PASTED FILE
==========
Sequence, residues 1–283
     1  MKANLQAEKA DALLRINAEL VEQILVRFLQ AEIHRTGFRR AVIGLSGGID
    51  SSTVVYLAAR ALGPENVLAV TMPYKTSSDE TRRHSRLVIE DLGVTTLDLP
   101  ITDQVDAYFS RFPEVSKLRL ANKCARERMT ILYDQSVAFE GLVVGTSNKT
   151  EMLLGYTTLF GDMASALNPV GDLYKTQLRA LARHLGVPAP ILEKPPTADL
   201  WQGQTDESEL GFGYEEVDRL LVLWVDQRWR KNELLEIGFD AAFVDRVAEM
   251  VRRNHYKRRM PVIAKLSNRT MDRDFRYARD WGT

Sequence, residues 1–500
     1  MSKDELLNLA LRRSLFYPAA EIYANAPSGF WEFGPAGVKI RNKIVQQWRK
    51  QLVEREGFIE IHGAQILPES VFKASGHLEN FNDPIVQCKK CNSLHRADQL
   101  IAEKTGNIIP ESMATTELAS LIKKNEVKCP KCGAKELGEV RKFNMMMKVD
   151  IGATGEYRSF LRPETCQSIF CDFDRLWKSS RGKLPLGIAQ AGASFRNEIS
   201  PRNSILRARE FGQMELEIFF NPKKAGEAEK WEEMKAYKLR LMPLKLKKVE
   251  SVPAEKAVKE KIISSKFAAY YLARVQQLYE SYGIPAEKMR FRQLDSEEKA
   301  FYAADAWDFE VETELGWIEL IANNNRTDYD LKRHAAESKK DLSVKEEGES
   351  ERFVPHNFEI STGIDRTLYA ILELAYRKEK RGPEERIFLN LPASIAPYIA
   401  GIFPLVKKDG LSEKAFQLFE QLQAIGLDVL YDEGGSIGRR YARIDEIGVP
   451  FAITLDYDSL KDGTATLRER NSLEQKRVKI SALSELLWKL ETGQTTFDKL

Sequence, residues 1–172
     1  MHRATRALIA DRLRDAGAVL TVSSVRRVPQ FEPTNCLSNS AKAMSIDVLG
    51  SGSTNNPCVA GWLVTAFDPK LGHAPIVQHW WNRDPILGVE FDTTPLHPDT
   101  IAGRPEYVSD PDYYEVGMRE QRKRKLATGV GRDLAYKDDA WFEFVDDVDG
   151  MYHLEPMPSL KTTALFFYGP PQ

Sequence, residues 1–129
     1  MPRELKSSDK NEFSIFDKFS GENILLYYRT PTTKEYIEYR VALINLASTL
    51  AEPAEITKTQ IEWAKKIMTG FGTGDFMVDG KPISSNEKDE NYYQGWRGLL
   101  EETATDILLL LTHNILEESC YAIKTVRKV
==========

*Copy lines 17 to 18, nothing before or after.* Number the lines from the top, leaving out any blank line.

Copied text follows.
   401  GIFPLVKKDG LSEKAFQLFE QLQAIGLDVL YDEGGSIGRR YARIDEIGVP
   451  FAITLDYDSL KDGTATLRER NSLEQKRVKI SALSELLWKL ETGQTTFDKL